“You have heard that it was said, ‘You shall love your neighbor and hate your enemy.’ But I say to you, love your enemies and pray for those who persecute you, so that you may be sons of your Father who is in heaven; for He causes His sun to rise on the evil and the good, and sends rain on the righteous and the unrighteous. For if you love those who love you, what reward do you have? Do not even the tax collectors do the same? If you greet only your brothers, what more are you doing than others? Do not even the Gentiles do the same? Therefore you are to be perfect, as your heavenly Father is perfect” (MT 5:43-48).
And this is just a partial list of the wonderful things that Jesus says about the genuine Godhead! He was living at a time when speaking against the prevailing religion could mean a death sentence, so it is remarkable that He got away with doing it for so long. True, three-part gods were in fashion shortly after the Lord’s death, so the church councils simply added the Spirit and Jesus Himself to the cranky-king God that the Hebrews had been worshiping, and thereby they made their own triune God. We might think of it as a marketing gimmick, since in fact there is no Big Guy god, the only Godhead is Spirit, and Jesus is an aspect of that genuine Godhead. But still, the Lord’s precious teachings were preserved. Any Christian can simply read them now and promptly know the truth! Jesus even flat-out tells us to “Ask, and it will be given to you; seek, and you will find; knock, and it will be opened to you. For everyone who asks receives, and he who seeks finds, and to him who knocks it will be opened” (MT 7:7-8).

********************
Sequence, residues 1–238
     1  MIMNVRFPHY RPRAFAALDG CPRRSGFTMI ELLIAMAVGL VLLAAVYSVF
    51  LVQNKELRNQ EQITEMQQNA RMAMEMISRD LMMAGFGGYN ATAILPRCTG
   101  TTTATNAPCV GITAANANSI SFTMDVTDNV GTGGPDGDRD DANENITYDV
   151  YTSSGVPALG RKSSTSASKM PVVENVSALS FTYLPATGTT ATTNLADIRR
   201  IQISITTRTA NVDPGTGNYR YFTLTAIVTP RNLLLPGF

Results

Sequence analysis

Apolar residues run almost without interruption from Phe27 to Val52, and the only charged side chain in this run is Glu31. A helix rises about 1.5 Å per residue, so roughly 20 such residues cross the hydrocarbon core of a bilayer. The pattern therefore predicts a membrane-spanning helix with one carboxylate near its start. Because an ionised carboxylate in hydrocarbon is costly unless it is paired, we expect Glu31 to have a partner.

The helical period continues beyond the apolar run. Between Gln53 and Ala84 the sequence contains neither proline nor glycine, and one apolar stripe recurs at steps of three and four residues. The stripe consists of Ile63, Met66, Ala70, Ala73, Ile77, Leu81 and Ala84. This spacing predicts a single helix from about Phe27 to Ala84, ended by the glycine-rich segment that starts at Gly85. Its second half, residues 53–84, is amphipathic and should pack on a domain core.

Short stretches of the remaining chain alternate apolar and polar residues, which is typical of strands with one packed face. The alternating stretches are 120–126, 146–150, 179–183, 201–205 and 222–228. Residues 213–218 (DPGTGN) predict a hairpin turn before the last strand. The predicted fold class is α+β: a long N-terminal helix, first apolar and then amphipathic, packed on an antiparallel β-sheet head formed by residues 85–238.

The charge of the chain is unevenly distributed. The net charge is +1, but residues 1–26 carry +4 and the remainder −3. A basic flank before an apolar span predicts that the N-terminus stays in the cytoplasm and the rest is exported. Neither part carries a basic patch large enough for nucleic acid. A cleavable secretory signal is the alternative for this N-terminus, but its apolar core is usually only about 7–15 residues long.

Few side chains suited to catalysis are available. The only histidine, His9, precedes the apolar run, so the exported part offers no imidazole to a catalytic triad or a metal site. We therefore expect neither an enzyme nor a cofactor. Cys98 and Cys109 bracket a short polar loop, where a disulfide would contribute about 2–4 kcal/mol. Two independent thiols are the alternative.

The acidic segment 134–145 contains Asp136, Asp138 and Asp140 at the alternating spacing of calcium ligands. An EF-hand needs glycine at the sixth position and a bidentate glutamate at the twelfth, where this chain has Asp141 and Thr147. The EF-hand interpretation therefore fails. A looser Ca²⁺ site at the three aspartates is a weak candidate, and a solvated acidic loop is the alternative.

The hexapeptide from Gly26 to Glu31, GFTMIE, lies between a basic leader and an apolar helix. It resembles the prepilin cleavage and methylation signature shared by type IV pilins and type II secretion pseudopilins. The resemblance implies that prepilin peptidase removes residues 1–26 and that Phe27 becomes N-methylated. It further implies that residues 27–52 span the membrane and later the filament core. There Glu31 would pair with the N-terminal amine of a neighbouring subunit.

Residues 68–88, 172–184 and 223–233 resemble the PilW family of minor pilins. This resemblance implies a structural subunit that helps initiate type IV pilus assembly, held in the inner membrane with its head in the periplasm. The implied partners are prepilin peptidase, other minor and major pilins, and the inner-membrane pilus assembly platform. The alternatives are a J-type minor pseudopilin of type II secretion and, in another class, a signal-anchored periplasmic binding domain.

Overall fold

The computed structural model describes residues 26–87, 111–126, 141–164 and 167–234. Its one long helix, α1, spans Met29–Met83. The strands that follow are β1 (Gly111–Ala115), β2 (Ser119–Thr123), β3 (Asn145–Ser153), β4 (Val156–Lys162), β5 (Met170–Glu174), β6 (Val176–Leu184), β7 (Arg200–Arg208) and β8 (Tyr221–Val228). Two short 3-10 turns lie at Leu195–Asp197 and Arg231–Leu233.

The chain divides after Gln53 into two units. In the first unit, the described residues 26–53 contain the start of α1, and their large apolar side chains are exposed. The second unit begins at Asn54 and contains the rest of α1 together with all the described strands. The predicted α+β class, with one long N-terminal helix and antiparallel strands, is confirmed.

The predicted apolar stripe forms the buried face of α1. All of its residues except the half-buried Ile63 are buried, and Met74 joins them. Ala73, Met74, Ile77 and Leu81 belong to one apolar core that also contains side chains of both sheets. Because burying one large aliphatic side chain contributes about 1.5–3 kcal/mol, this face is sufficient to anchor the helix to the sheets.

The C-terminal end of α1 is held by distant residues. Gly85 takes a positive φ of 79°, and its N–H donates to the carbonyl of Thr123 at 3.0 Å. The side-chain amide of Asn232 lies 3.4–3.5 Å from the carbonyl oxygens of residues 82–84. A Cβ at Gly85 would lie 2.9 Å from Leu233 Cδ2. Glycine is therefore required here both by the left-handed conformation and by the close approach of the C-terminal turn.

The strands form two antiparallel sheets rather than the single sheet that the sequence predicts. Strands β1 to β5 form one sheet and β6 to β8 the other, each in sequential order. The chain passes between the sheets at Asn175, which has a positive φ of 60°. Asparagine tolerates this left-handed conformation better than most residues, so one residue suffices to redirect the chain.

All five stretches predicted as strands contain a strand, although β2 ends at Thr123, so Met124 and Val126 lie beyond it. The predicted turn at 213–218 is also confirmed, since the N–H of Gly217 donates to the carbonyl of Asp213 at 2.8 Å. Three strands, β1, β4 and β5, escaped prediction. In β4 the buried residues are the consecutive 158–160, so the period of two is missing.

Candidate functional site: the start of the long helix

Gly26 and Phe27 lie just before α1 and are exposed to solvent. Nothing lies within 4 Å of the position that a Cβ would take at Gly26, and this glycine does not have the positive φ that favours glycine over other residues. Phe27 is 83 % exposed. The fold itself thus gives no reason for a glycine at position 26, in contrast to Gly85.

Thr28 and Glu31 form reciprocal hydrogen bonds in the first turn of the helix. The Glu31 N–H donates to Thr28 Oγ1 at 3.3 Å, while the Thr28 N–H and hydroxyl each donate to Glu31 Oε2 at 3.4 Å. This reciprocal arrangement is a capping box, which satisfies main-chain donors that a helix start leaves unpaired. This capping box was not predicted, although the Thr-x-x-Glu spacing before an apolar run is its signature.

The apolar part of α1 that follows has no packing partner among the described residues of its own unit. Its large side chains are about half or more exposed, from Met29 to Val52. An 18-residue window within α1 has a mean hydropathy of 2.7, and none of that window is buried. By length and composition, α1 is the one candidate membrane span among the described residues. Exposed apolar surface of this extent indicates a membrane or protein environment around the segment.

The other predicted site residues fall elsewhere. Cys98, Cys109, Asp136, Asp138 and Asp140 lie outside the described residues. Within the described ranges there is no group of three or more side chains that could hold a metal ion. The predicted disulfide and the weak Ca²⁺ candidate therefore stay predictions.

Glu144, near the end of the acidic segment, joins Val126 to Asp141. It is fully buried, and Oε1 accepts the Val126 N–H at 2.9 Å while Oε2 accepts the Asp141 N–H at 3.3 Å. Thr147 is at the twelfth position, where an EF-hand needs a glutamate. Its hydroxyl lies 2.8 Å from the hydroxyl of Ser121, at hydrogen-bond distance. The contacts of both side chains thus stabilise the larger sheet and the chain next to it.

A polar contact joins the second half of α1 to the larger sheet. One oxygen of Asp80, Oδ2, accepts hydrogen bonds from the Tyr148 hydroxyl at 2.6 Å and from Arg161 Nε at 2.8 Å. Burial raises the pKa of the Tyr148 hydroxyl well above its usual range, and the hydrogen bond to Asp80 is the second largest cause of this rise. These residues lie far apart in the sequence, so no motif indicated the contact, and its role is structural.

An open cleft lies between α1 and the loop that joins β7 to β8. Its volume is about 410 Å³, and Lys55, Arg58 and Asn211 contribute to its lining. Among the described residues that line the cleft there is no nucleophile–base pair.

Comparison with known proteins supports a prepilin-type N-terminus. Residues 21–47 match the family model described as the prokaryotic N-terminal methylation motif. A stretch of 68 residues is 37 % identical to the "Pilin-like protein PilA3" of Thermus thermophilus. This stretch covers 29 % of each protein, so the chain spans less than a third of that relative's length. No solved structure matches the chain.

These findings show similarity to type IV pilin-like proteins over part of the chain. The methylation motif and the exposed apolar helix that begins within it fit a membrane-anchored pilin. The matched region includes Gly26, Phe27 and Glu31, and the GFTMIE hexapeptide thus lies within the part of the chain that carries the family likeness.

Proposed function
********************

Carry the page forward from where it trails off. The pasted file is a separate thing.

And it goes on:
But still, there are so many Christians who are afraid of God’s wrath if they ask a question. I am told, too, by hospice workers that the people who are most fearful at death are often the most ardent Christians. They say that church-ladies who have spent their lives serving others will tragically often die in terror, worried that they haven’t been quite good enough to escape the pit of fire that yawns before them.